Throwback Thursday: Technical Wreck Training and USS Palawan
Wreck diving is the ultimate in underwater exploration.
I'm ashamed to admit that I wasn't into wrecks, at first. I didn't see the point. They weren't as pretty as real reefs, and it's not like I was going to go inside a wreck, like, ever. (Click through on that one to see my photo! Squee.)
And then I got some tech diving training, and it changed my whole world.
I feel like that one warrants a repeat: Technical diving changes everything.
Now, the USS Palawan wreck, at 125', is technically (ha ha) within recreational dive limits. But as with USS Hogan, one of my favorite wreck dives in the whole world ever, 125 feet is pretty deep for a no-decompression dive. A two-hour boat ride for what, a 12-minute dive? I can see why people think the wrecks aren't worth it.
Disclaimer: Please, please, PLEASE don't risk your life for a wreck. If you want to do the dives, get the gear and take the class(es). Don't engage in decompression diving without the appropriate training and equipment. Your family and friends, as well as the entire dive community, thank you for your good judgment.
But add a few years of tech training, and maybe throw a rebreather into the mix, and your diving world opens right up. Suddenly you get to spend a bit of time on these deeper wrecks. You get to know them. And suddenly you realize that the juxtaposition of shapes--the man-made angles of the ship side-by-side with the organic curves of sea life--it's beautiful.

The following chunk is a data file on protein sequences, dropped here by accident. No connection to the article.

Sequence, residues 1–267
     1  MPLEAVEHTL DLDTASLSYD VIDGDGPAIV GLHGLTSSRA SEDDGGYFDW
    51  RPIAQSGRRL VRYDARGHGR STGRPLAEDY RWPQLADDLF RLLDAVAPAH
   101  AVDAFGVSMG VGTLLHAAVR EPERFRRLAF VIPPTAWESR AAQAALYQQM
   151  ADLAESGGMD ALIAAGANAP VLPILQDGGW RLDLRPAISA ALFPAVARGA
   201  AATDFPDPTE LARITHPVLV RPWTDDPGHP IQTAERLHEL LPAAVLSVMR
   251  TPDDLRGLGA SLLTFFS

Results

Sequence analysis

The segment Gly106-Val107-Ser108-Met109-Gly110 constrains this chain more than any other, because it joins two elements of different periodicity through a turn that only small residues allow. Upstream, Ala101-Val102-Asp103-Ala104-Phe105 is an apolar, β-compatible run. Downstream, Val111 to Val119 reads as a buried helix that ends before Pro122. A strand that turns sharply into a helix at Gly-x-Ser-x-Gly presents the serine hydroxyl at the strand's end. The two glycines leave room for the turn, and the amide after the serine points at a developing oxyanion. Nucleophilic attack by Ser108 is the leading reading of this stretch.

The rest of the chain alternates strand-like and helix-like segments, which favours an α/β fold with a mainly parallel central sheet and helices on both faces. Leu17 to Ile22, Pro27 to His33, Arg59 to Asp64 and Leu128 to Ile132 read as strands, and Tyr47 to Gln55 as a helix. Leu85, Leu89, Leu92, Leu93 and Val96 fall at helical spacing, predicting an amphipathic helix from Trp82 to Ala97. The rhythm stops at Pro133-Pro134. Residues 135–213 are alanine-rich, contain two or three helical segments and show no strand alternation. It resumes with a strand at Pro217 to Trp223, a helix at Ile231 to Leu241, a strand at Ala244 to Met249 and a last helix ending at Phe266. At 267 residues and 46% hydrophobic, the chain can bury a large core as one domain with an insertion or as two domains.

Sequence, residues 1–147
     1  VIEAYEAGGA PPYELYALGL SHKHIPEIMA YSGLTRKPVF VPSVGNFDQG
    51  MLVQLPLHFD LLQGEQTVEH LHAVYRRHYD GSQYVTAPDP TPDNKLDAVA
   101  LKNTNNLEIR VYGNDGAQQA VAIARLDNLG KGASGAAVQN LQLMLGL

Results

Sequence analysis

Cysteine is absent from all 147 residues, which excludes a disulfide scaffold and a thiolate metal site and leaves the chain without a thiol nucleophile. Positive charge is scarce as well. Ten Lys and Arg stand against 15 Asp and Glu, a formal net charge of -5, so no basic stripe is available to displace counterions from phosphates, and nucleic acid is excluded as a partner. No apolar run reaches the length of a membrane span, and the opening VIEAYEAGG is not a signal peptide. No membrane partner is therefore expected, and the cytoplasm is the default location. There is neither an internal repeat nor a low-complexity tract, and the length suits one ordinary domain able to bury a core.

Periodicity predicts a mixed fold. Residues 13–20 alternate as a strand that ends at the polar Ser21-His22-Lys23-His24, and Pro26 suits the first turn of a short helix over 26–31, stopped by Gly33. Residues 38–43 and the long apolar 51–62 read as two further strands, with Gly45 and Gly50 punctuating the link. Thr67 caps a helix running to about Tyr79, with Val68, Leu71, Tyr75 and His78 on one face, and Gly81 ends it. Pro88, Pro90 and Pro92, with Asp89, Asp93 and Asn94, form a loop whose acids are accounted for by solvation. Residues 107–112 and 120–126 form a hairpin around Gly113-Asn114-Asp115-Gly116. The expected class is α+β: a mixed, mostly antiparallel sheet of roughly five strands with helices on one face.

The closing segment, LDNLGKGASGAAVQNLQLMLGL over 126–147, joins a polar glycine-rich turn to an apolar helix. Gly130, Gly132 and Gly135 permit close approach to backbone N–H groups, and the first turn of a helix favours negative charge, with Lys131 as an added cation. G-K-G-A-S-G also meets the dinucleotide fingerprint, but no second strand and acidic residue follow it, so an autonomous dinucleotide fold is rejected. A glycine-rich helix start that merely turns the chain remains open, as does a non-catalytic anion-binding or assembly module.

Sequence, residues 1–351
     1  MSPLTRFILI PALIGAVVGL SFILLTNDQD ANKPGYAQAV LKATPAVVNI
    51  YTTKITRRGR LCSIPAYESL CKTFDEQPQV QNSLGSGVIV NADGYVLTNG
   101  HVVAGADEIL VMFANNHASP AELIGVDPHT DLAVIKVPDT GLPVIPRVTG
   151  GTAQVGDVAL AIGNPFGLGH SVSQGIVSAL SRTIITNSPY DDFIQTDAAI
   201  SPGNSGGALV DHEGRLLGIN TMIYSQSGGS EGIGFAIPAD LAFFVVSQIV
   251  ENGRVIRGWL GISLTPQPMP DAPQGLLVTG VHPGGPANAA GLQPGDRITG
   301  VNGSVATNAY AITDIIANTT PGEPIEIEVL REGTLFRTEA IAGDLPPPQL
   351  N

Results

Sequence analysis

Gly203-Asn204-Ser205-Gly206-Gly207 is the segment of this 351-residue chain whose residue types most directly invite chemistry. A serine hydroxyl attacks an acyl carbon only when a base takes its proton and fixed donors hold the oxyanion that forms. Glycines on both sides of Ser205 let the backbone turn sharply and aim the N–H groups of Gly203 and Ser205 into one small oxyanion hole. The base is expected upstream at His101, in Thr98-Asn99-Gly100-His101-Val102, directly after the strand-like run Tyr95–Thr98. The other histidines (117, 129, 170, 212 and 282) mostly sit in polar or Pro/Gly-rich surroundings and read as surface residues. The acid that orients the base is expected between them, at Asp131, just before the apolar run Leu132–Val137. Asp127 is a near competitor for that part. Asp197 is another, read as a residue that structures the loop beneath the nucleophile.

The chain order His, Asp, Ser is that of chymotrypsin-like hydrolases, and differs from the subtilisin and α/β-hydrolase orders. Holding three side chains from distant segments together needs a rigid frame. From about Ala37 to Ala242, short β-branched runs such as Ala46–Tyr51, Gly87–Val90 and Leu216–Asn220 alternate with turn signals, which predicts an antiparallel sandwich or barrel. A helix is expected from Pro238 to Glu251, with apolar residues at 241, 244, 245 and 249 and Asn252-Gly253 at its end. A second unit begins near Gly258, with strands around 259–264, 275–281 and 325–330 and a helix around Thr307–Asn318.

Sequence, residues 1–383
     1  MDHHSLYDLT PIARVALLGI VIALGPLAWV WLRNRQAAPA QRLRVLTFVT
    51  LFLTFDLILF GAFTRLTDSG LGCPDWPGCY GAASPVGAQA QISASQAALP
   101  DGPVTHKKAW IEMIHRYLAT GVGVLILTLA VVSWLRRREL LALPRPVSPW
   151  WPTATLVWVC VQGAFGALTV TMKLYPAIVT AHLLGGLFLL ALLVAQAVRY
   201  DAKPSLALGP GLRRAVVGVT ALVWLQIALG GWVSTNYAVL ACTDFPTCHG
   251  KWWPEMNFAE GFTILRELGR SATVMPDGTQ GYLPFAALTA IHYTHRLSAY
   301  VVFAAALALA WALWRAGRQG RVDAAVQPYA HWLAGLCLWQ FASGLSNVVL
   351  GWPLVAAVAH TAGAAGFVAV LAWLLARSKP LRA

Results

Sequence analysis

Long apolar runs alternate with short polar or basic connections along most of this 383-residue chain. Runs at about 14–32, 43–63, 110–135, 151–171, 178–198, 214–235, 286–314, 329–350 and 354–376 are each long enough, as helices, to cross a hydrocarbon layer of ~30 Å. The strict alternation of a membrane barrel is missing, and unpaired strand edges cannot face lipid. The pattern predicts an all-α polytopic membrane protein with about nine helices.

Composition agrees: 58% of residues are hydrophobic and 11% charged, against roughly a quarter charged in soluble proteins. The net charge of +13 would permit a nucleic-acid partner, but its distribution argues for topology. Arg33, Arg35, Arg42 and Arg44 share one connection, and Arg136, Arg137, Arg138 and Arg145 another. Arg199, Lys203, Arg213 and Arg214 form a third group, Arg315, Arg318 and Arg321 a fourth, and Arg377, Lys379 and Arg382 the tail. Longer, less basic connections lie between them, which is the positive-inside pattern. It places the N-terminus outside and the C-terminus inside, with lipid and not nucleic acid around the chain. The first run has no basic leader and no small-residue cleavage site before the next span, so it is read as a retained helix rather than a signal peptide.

Palawan is something of an acquired taste. As a former cargo ship, big, empty spaces were sort of her thing. And that's what you get to see when you dive her--lots of big, empty spaces. I'm not sure I can emphasize the bigness enough. Most people have never been on a cargo ship, I imagine. I certainly haven't. But when you dive one, the amount of room you have to maneuver is such a different world from the typical wreck dive. Some might find that boring, but I think it's fascinating--and humbling--in its own right.
It's wild to look back and evaluate how much has changed over my diving career. I'll never lose respect for wrecks, but the fear of going inside them is all but gone, replaced with compelling curiosity and an urge to explore.
This site has helped develop my love for wreck diving, too. I love receiving emails and comments from readers who served on the ships that I get to dive on and photograph. Wrecks are great, but wrecks with a story are even better.